It should not be a shock that the driver fourth in the championship, with the third-best car, and who could have scored podiums in the last three races, was able to claim victory. But such has been the nature of Sergio Perez’s career that finally witnessing the Mexican climb atop the podium was a sensational development. He had only previously led 25 laps in his entire Formula 1 career. He has never qualified on the front-row of the grid. And he found himself facing the wrong way, down in 18th, after just four corners of the grand prix.
So how on earth did he win that race?
Perez was not necessarily a massive outsider despite having failed to take a win in his previous 189 race starts in Formula 1. His fully-deserved Turkey podium should have been flanked by two other top-three finishes at Imola and at the first Bahrain race. A strategic blunder and an MGU-K failure denied him two potential trophies. At the outer Bahrain layout Perez qualified fifth despite being at a slight disadvantage in having to run an older specification power unit after the previous weekend’s failure.
A fantastic start propelled him into contention for the podium but a waywardly optimistic Charles Leclerc punted him around at Turn 4, dropping him to the rear of the field. But there were three factors that worked to Perez’s advantage even amid the frustration. The first was that his RP20 had escaped substantial damage and was spun into the run-off, avoiding either getting beached in the gravel or collected by a midfield driver. The second was that one main challenger for victory, Max Verstappen, was caught up in the clash and was out of the race. The third was that the presence of Leclerc’s and Verstappen’s cars in the run off meant Perez could pit, exchange his battered Soft tyres for new Mediums, and re-join at the rear of the train. From there he could run an effective one-stop strategy, a luxury the non-Mercedes top 10 starters did not have, for their Softs would likely necessitate stopping twice. But there was still another negative.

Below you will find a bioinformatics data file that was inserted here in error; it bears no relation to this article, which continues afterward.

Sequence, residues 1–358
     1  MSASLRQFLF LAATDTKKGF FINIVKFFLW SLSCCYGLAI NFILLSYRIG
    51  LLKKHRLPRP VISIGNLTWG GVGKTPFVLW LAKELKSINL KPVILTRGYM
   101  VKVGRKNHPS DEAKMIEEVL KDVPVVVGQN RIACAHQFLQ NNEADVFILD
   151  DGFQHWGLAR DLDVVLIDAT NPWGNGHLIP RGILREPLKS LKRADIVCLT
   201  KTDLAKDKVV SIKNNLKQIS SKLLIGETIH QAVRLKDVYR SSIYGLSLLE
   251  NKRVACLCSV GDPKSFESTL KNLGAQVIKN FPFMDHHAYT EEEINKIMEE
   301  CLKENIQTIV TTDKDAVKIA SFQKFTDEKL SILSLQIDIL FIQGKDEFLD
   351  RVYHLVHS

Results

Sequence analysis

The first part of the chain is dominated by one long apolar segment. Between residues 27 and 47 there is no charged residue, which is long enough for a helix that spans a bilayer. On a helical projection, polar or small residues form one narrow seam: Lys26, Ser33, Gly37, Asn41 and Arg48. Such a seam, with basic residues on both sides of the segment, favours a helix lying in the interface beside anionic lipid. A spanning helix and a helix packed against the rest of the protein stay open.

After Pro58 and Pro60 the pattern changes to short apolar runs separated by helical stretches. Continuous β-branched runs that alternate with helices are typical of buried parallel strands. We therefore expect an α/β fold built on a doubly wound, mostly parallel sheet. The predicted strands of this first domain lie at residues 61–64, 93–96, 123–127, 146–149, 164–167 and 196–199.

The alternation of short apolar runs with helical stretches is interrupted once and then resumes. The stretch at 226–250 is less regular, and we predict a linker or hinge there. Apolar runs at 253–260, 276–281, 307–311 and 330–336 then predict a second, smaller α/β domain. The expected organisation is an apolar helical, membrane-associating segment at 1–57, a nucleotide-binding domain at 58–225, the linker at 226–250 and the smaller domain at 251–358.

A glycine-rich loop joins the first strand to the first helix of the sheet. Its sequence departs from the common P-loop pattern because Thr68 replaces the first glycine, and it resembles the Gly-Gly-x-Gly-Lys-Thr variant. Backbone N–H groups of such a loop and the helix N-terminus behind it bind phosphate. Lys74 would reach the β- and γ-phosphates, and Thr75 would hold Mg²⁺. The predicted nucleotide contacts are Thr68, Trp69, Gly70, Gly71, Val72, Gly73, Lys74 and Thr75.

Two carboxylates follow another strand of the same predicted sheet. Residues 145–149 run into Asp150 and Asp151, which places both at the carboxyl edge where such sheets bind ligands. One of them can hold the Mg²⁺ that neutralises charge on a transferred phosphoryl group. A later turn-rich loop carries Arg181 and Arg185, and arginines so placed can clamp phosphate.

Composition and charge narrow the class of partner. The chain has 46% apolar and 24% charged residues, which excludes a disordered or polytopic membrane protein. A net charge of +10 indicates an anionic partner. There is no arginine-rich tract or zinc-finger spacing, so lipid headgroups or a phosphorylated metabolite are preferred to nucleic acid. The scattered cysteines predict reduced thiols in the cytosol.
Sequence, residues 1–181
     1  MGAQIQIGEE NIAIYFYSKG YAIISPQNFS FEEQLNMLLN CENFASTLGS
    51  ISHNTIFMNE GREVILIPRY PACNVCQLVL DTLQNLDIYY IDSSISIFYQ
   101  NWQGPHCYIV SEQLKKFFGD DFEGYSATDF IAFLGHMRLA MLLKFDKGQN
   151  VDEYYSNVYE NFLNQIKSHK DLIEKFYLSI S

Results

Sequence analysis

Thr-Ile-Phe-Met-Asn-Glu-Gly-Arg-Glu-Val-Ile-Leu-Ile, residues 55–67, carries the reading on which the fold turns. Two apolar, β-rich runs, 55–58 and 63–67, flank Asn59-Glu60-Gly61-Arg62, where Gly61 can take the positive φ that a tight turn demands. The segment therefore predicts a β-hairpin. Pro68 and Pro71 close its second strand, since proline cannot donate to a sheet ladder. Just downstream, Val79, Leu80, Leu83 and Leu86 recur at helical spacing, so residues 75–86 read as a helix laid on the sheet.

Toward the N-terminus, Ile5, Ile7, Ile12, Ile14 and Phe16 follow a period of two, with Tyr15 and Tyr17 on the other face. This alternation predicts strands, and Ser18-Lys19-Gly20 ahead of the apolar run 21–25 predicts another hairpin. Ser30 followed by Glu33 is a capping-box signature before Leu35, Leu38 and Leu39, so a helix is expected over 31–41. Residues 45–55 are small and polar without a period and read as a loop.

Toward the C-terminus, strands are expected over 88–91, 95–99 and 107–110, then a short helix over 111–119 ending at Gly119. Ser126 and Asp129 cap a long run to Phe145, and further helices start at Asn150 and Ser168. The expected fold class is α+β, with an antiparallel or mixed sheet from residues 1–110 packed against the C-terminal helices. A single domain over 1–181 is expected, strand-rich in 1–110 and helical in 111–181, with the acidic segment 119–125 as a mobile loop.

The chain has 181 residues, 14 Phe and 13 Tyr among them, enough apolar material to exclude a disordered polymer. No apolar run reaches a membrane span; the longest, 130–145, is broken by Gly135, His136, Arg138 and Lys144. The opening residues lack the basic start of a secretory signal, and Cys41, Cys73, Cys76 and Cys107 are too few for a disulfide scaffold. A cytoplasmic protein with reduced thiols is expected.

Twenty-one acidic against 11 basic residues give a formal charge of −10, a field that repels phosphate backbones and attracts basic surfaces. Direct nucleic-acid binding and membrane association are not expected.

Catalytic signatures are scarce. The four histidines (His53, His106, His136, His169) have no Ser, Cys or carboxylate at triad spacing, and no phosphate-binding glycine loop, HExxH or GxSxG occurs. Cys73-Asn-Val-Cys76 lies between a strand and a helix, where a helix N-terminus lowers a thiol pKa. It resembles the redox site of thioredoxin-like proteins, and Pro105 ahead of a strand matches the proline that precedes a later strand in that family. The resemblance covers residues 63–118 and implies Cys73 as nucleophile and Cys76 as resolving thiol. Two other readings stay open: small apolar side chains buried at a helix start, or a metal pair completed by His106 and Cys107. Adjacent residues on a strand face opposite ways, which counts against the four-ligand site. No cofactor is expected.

“I did a big mistake during the Safety Car,” said Perez. “I locked up, warming up the brakes, I locked up badly the front left tyre and since that first lap of the race, I had so bad vibrations but it was hard to keep the steering wheel tight. There were times when I told the team that we should box I was losing lap time but still the pace was strong at that point.”
When the pack was unleashed Perez carved his way through the backmarkers, including profiting from a mistake by 2021 replacement Sebastian Vettel and passing Red Bull’s Alexander Albon, to move into contention for the top 10. As off-set rivals made their first stops Perez briefly held a podium spot and was able to extend his stint longer than planned despite the flat-spot sustained prior to the lap six restart. When Perez came in for his stop on lap 47, taking on new Hards, there were still 40 laps left to run, and he held only ninth.
Up ahead were the Mercedes drivers – in a different league – Carlos Sainz, Daniil Kvyat, Daniel Ricciardo and Pierre Gasly – all of whom had to stop again – as well as Esteban Ocon and Lance Stroll, the Renault driver having brilliantly swept around Perez’s Racing Point team-mate. Gasly stopped shortly afterwards while Sainz, Kvyat and Ricciardo all came in when the Virtual Safety Car was deployed following Nicholas Latifi’s stoppage, a suspected oil leak halting the FW43. Sainz and Ricciardo missed the optimum window, having dived into the pits just as the VSC phase ended, but even with the neutralisation period the delta was such that Perez would have cleared the trio.
It elevated Perez to fifth, and he had faster speed and slightly fresher tyres than Stroll and Ocon in what was the battle for the final podium spot. Up until that point Stroll had an excellent grand prix, nursing his Softs for 42 laps, far longer than his previous rivals (Sainz, Ricciardo and Kvyat), who had reacted when AlphaTauri called in the Russian. Stroll’s extended Soft stint meant he had made a one-stop work and effectively jumped those three drivers. Perez sized up Stroll and was dealt a helping hand when his team-mate locked up heavily until Turn 4, drifting wide, and in the process gifting Perez fourth. Perez’s superior traction soon after through the opening complex gave him a perfect slingshot on Ocon through Turn 3 to ensure he out-dragged the Renault driver into Turn 4.